sports in the spotlight
Posted by Mark J. Miller on July 20, 2012 05:10 PM
You’re just sitting watching the game, enjoying the dull rhythm of massive millionaire players pounding back and forth down the court to help make other millionaires even richer through ticket sales, souvenir sales, beer sales, and, of course, jersey sales.
Suddenly NBA owners have found a new way to make some dough from that last category. And who doesn’t like to make a buck?
The NBA Board of Governors has voted to allow teams to sell small advertising patches on uniforms ("just above the heart") starting in the season after next, according to the Houston Chronicle. That seemingly little change could bring in $100 million annually for the league and open the door to other North American professional leagues to do the same thing.Continue reading...
Posted by Abe Sauer on July 20, 2012 01:06 PM
China is the second latest economy in the world, every significant brand's future is impacted by its growth (or collapse!); but who's got the time?! Check out our weekly hotpot of reads that will make you look like a keen China observer during any conversation about China. Above, a 2012 Comic-Con promo for DC Comics' three-part series, Batman in Shanghai, ahead of The Dark Knight Rises Aug. 30 opening in China. And below: the iPad makes a quiet arrival, Adidas no longer "Made in China," the NBA, "House Slaves," robots (ROBOTS!) and more.Continue reading...
Posted by Dale Buss on July 12, 2012 05:01 PM
Peyton Manning brought back his aw-shucks charm and dry wit this week, resurfacing as a pitch man for the Buick Verano compact car. He's still got that commercial appeal, however he fares in his new football uniform.
After a year off from football because of a neck injury, and his release by the Indianapolis Colts and subsequent signing by the Denver Broncos, Manning is mounting a comeback on TV already that has nothing to do with NFL games. On the ESPY Awards on ESPN Wednesday evening, Manning introduced a video tribute to Pat Summitt, recently retired head coach of the women's basketball program at the University of Tennessee, Manning's alma mater.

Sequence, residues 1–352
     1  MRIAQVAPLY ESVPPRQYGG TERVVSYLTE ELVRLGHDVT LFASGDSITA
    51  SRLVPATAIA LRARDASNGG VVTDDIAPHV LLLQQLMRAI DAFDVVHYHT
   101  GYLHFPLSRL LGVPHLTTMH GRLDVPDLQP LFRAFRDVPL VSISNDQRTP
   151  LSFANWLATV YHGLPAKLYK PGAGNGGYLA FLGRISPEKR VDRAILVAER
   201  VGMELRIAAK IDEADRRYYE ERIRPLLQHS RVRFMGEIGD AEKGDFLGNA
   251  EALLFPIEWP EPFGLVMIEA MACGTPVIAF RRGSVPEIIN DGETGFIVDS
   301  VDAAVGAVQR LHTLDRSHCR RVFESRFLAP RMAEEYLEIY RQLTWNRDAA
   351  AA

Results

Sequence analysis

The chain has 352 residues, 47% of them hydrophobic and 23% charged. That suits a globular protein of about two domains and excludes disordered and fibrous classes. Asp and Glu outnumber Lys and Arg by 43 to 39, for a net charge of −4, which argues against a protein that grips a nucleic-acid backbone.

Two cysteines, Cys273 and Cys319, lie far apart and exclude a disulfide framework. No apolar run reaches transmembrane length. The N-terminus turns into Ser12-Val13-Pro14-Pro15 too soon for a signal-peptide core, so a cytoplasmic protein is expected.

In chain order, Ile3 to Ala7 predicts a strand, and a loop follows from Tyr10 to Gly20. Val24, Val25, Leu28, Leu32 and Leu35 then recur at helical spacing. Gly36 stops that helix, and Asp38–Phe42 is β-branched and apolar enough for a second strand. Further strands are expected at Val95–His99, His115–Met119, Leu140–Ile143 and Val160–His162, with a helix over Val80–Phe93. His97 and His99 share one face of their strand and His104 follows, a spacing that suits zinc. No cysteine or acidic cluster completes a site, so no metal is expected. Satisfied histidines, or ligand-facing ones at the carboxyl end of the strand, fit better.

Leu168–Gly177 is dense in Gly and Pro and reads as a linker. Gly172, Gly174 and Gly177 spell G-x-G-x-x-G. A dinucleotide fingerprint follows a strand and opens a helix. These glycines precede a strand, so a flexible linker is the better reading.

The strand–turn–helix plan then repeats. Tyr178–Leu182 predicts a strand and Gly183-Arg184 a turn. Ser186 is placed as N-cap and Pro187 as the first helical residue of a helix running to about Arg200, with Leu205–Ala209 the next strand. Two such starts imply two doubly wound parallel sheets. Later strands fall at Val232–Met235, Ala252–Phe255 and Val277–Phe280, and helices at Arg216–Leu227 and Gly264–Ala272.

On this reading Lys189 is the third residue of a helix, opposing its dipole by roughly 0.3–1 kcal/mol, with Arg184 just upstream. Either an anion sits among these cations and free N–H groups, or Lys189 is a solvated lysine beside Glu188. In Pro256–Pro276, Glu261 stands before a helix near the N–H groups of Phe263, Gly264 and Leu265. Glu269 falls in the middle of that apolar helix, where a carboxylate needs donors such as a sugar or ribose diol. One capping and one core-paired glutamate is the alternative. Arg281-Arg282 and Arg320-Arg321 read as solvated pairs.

During the telecast, Manning also appeared in the new spot for Verano, pretending to call "audibles" in the car using its voice-activated navigation system. The spot is the most notable bit of marketing for the new Buick entry since its recent TV campaign starring Shaquille O'Neal.
Meanwhile, in other developments in an auto industry where news remains hot even in the depths of a summer in the Northern Hemisphere:Continue reading...
Posted by Abe Sauer on July 9, 2012 06:10 PM
After enduring months of sliding sales, losses of market share and declining investor confidence at Li-Ning, the CEO of China's most famous athletic brand has resigned. Taking his place: the brand's founder and China's Olympic icon, Li Ning himself.
But does the gymnast turned entrepreneur still have the flexibility to bend his eponymous brand back into shape? And what does this mean for Li-Ning's global expansion aspirations?Continue reading...
Posted by Abe Sauer on June 29, 2012 10:07 AM
The China Daily uses the ongoing frenzy around the Euro 2012 soccer football tournament to revisit a known, but not well known enough, phenomenon in China. Namely, names being registered in China by people who have nothing to do with the trademarked names themselves.
As The China Daily notes, "Philipp Lahm, Cristiano Ronaldo and Andres Iniesta are world-popular soccer stars, but they have also attracted attention that they might not want — from Chinese companies registering their names as trademarks."